Britain’s King Charles has postponed a state visit to France after social unrest over President Emmanuel Macron’s new pension law erupted into some of the worst street violence seen in years across the country.
Speaking at a news conference after a summit in Brussels on Friday, Macron said it would not have reflected “common sense and friendship” to “propose a visit in the middle of the demonstrations”.
He also condemned the violence that erupted during Thursday’s protests against raising the retirement age from 62 to 64, and said he would not give in to it.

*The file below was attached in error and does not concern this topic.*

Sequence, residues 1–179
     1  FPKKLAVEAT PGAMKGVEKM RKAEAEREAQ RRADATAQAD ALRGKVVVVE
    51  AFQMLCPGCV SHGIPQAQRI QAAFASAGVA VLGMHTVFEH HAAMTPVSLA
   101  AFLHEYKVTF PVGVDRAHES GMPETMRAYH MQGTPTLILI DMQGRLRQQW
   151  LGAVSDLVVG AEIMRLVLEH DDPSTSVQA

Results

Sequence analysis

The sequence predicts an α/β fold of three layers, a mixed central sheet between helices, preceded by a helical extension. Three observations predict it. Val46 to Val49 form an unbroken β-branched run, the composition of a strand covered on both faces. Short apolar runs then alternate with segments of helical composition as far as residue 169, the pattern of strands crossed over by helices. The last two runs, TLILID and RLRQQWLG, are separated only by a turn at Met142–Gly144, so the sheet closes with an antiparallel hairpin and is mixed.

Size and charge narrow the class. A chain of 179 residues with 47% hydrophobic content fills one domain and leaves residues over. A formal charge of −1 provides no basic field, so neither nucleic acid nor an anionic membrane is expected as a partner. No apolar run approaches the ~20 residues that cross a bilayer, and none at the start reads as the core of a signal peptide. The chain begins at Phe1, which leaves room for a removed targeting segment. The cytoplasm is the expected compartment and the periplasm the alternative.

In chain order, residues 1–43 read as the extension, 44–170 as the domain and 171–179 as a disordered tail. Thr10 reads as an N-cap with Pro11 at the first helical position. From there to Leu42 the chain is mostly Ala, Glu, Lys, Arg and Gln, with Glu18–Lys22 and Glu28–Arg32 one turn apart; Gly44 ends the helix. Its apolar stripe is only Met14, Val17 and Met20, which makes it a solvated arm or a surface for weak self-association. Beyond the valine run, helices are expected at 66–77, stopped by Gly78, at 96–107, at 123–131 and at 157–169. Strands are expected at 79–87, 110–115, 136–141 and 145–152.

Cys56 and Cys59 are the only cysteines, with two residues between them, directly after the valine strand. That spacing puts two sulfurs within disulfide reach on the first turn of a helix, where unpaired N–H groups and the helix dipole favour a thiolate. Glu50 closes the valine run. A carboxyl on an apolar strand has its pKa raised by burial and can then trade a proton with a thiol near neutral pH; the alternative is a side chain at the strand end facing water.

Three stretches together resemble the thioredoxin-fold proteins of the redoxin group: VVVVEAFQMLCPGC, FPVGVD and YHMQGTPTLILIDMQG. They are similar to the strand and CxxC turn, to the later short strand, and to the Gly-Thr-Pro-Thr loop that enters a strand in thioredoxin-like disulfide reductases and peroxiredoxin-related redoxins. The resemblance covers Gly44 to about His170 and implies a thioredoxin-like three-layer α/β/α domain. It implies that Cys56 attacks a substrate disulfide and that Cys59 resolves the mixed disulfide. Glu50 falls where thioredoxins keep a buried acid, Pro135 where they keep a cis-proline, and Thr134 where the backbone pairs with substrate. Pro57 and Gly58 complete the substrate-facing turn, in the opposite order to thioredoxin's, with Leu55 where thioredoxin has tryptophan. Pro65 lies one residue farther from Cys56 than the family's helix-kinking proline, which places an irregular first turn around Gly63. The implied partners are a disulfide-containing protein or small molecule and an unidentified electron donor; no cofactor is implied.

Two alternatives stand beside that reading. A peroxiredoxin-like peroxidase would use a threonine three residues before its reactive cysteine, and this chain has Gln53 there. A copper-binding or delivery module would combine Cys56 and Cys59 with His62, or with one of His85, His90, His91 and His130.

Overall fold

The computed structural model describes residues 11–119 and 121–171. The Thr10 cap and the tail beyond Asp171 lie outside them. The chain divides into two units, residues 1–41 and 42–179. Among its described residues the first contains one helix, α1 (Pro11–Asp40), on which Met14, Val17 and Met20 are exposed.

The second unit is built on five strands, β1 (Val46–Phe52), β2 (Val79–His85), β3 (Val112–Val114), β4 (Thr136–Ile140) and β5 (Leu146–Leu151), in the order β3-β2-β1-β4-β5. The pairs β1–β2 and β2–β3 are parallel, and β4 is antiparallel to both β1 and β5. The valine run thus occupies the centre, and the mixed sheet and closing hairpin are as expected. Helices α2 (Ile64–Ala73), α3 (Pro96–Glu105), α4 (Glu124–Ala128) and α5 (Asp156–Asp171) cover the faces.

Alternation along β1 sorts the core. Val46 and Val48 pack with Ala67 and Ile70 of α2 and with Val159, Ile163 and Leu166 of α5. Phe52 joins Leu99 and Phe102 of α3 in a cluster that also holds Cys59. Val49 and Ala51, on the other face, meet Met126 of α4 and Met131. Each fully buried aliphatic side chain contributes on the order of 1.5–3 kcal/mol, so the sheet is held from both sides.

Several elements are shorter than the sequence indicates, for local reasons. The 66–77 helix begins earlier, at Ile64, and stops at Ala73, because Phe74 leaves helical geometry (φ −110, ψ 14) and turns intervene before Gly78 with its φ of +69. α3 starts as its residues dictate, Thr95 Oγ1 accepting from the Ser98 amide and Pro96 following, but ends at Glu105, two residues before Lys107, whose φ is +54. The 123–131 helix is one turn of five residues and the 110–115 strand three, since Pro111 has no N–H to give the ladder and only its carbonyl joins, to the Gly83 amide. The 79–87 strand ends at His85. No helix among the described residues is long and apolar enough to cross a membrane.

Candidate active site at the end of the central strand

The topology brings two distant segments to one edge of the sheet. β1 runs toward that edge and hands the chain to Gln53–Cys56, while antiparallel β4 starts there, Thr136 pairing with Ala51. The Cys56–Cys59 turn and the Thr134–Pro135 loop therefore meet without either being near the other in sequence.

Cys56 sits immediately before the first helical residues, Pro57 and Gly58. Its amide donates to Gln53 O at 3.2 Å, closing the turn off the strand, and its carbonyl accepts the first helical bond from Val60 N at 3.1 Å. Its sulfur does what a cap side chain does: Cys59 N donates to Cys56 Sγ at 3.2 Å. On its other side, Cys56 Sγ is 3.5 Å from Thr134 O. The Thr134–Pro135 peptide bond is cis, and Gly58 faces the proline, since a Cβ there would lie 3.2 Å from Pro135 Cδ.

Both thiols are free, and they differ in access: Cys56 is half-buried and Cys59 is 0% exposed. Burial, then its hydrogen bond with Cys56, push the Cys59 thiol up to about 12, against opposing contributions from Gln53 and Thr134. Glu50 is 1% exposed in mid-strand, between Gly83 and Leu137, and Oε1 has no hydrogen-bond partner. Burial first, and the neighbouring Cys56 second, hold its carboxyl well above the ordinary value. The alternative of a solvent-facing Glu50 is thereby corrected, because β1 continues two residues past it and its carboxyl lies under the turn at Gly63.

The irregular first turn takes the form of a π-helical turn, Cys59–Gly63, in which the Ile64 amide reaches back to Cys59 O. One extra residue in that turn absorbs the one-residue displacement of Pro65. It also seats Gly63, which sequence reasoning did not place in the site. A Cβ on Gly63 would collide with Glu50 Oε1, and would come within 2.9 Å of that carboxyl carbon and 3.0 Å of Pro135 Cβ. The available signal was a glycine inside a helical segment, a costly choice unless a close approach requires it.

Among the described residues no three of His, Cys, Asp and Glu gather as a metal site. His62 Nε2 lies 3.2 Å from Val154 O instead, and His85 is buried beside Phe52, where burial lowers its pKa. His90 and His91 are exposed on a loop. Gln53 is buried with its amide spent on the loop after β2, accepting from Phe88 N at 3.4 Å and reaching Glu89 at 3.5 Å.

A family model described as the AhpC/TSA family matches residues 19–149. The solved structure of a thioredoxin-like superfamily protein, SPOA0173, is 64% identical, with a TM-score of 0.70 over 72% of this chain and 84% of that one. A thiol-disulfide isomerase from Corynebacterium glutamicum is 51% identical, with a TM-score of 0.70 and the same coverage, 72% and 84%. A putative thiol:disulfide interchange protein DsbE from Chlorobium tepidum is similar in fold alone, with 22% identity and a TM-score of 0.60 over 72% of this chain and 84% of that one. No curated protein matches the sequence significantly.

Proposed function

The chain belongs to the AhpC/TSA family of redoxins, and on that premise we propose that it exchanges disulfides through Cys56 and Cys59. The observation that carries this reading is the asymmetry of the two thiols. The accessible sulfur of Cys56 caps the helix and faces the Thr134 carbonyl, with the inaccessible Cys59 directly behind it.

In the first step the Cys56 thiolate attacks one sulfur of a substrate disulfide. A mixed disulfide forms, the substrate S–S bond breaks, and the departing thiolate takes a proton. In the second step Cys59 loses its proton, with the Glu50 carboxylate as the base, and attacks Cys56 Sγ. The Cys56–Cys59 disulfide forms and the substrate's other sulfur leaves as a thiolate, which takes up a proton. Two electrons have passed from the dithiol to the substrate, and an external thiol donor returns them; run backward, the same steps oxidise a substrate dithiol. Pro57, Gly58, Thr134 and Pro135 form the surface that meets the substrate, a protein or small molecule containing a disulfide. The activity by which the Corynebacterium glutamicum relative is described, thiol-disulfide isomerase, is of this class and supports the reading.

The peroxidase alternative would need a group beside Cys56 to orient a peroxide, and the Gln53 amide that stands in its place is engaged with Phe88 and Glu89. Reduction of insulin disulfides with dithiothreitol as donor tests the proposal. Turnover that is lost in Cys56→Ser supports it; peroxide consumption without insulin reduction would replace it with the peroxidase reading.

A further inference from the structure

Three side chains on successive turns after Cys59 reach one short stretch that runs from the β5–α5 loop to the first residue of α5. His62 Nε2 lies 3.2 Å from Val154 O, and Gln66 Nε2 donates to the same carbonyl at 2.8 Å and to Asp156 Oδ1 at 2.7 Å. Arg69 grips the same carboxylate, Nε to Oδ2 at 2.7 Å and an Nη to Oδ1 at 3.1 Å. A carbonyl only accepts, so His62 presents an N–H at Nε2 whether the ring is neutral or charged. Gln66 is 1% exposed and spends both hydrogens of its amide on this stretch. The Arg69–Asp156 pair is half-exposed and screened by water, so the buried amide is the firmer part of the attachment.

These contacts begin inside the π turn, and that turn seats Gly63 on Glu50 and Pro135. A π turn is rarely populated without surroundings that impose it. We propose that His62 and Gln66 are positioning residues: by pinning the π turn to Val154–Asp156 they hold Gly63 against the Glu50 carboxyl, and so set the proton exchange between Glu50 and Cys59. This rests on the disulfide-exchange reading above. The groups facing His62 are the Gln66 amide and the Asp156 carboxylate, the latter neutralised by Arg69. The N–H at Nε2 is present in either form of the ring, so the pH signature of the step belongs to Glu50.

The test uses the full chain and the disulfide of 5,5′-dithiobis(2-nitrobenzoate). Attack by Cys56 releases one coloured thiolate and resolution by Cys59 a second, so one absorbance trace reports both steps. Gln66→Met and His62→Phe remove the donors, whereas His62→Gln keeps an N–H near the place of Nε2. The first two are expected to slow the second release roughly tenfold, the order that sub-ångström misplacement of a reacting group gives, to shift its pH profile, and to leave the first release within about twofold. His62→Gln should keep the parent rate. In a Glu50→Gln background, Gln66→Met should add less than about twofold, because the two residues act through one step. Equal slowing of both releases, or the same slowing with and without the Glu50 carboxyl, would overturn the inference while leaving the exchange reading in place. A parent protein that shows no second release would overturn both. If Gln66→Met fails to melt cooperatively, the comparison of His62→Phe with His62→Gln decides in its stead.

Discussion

“We will yield nothing to violence, I condemn violence with the utmost strength,” Macron said.
Macron is under pressure to find a way out of a crisis that has seen some of France’s worst street violence in years over unpopular pension reforms he has pushed through parliament without a vote.
The now-postponed visit by the UK monarch and his wife was meant to be Charles III’s first major foray on the international stage as king and a prestigious celebration of historic cross-Channel relations before he is officially crowned in May.
The 74-year-old monarch and Queen Consort Camilla, who had been due in Paris on Sunday, “greatly look forward to the opportunity to visit France as soon as dates can be found”, Buckingham Palace said.
Macron said Charles’s visit would likely be rescheduled for the beginning of summer.
The UK government said Macron had requested the postponement.